“The defense lawyers argued the protective order’s restrictions undermine US obligations under the Convention Against Torture and effectively “silence” the defendants from speaking out about the torture they experienced. They urged the judge, Army Col. James Pohl, to either drop the death penalty or dismiss the case. Pohl, however, seemed perplexed as to what he could do. Even if the protective order were eliminated, the information in question would still be classified and the lawyers forbidden from disclosing it to outside parties. That’s because the judge does not have the authority to declassify information – that power comes from the executive branch.” Adam Hudson
The judge at the Military Commission pretrial hearing did not rule on the motion concerning the defense team’s requests to allow for the full disclosure of the torture that their clients endured at the governments hands.  However, he did order that the government must turn over all records and correspondence between US authorities and the International Red Cross about the conditions at Guantanamo Bay which may disclose some of the illegal interrogations and mistreatment.
If evidence obtained through torture is not admissible in these Military commissions, how does the government intend on producing enough evidence to convict these defendants?  The answer to that question lies in the so-called Clean Teams sent in to re-interrogate the defendants after the torture was stopped.  The Government claims that any information obtained after the torture was halted is unrelated to the previous years of torture and severe interrogation methods.
“Evidence obtained through torture is not allowed in the military commission. However, coerced evidence is permitted. In late 2006, FBI and military interrogators, known as the “clean team,” interrogated the five suspects to collect “virtually the same information the CIA had obtained” from them during their years in CIA black sites, according to a February 2008 Washington Post report. The goal was to collect statements that were “clean” from torture. “To ensure that the data would not be tainted by allegations of torture or illegal coercion, the FBI and military team won the suspects’ trust during the past 16 months by using time-tested rapport-building techniques,” the Post reported. The government is using these statements as evidence in the 9/11 case.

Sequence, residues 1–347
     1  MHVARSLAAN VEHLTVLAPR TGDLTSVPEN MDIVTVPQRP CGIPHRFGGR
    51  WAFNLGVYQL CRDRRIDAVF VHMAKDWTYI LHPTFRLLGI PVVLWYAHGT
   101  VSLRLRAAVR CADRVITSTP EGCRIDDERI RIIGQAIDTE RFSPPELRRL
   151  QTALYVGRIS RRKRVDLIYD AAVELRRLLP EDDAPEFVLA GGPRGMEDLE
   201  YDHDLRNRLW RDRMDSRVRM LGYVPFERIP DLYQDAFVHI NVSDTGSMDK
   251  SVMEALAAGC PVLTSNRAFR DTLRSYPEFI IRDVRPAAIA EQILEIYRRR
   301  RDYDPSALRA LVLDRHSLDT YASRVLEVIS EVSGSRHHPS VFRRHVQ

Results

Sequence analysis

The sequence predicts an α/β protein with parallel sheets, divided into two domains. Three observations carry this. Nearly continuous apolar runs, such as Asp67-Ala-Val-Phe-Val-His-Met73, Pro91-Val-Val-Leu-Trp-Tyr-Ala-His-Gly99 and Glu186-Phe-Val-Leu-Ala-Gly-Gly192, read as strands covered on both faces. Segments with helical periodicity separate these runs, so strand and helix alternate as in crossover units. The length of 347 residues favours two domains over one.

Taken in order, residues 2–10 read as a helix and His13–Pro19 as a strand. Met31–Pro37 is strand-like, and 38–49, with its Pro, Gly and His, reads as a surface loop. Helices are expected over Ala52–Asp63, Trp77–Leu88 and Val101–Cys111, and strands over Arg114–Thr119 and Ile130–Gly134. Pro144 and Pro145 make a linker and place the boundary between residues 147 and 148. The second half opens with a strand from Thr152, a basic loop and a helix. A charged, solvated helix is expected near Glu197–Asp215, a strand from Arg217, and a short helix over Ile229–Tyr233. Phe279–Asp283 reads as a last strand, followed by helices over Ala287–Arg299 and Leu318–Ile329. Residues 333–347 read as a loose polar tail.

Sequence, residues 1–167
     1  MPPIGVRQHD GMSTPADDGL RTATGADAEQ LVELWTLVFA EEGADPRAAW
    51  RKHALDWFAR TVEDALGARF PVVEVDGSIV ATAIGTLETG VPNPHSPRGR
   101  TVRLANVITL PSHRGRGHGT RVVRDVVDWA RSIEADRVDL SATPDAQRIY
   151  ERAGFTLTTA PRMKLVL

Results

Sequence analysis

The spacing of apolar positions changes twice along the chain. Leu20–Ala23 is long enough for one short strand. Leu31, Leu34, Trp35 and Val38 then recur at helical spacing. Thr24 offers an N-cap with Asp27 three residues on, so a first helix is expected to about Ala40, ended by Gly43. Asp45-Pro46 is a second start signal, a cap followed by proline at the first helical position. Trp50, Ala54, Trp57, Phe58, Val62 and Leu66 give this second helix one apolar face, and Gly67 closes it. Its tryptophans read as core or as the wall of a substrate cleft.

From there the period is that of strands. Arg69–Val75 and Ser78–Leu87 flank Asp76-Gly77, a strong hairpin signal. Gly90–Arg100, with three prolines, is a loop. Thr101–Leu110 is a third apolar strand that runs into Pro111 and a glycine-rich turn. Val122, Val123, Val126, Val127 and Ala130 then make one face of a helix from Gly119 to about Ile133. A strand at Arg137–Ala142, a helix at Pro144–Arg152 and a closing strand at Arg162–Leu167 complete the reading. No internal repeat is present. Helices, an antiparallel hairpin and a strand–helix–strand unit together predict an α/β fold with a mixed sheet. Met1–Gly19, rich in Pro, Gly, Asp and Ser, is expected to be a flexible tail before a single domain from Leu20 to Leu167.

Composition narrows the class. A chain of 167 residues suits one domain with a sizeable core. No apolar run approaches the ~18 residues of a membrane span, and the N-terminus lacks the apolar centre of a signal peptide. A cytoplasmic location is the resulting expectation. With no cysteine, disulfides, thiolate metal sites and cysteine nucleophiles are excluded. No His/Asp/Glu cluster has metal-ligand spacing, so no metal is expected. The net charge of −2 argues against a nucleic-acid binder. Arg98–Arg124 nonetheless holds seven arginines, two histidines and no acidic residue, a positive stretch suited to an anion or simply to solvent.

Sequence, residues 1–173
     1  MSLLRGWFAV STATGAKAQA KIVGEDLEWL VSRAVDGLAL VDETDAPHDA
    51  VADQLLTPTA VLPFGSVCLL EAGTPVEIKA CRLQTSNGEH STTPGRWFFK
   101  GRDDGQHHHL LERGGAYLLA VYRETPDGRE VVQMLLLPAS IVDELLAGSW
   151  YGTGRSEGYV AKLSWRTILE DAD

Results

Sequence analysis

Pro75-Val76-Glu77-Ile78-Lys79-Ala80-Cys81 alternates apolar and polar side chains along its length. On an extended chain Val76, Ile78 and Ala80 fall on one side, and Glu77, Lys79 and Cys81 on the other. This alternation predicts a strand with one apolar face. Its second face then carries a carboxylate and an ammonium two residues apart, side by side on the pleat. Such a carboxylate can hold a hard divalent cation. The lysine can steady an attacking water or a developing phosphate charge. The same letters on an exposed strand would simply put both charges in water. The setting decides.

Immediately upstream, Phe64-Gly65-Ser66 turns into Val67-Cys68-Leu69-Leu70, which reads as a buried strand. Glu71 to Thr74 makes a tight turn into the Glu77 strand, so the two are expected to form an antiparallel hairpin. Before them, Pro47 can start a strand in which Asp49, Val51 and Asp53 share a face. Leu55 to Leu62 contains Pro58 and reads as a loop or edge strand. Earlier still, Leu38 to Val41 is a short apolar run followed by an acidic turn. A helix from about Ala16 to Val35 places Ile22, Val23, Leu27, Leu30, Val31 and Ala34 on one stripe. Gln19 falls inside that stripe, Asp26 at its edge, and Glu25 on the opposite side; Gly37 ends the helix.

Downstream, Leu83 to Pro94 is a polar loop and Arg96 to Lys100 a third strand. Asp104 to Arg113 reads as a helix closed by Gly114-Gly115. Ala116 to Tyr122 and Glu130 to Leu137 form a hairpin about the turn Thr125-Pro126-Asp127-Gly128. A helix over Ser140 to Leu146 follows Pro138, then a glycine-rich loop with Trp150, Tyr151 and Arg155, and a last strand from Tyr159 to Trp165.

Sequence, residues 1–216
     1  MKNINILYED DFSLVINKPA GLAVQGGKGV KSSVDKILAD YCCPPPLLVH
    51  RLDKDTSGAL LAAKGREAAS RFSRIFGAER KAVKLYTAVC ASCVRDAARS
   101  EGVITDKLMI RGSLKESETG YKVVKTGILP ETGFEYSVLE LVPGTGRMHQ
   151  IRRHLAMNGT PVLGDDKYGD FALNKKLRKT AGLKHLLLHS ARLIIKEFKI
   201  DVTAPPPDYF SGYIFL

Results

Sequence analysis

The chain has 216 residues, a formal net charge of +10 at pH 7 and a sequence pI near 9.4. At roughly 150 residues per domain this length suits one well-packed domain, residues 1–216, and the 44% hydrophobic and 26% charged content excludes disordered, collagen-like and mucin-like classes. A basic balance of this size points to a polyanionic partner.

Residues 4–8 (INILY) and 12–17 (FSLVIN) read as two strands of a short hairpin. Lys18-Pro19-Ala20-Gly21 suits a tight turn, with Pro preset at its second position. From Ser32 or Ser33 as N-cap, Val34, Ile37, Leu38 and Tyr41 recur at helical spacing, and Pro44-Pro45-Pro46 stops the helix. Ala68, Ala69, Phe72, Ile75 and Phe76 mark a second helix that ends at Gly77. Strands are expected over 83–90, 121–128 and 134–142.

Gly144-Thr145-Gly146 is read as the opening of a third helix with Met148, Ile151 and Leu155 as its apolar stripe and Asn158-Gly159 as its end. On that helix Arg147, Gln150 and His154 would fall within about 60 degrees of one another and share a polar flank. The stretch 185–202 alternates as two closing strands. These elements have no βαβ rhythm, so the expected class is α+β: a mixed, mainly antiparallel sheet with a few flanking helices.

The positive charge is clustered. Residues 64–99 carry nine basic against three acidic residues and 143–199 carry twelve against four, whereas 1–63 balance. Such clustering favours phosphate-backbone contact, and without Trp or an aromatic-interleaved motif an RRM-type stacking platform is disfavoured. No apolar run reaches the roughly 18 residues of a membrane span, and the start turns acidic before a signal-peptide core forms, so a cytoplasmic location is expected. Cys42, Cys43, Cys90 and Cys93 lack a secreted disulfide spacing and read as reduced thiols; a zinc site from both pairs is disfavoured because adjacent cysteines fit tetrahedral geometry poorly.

However, Bormann challenged the “clean team” statements’ validity on “60 Minutes.” “It’s like Alice going down the rabbit hole, right,” Bormann saidd. “You torture them for three years. You keep them in captivity after you stopped torturing them, in a place like Guantanamo Bay. And then you send in agents from the same government that tortured them for three years to take statements. And then, if you’re Gen. Martins, you say, ‘Well those are now clean.’ Guess what? They’re not.” ‘ Adam Hudson
It is interesting that the prosecution believes that the Clean Team approach can absolve the government’s significant and long-term abuse of these defendants.  TheFruit of the Poisonous Tree doctrine means nothing to the government.  If evidence was obtained through illegal means, including coerced interrogations, that evidence cannot be used in a criminal trial against the defendant.  While this doctrine is settled law, the government is attempting to circumvent it and hide the torture from the court and the public.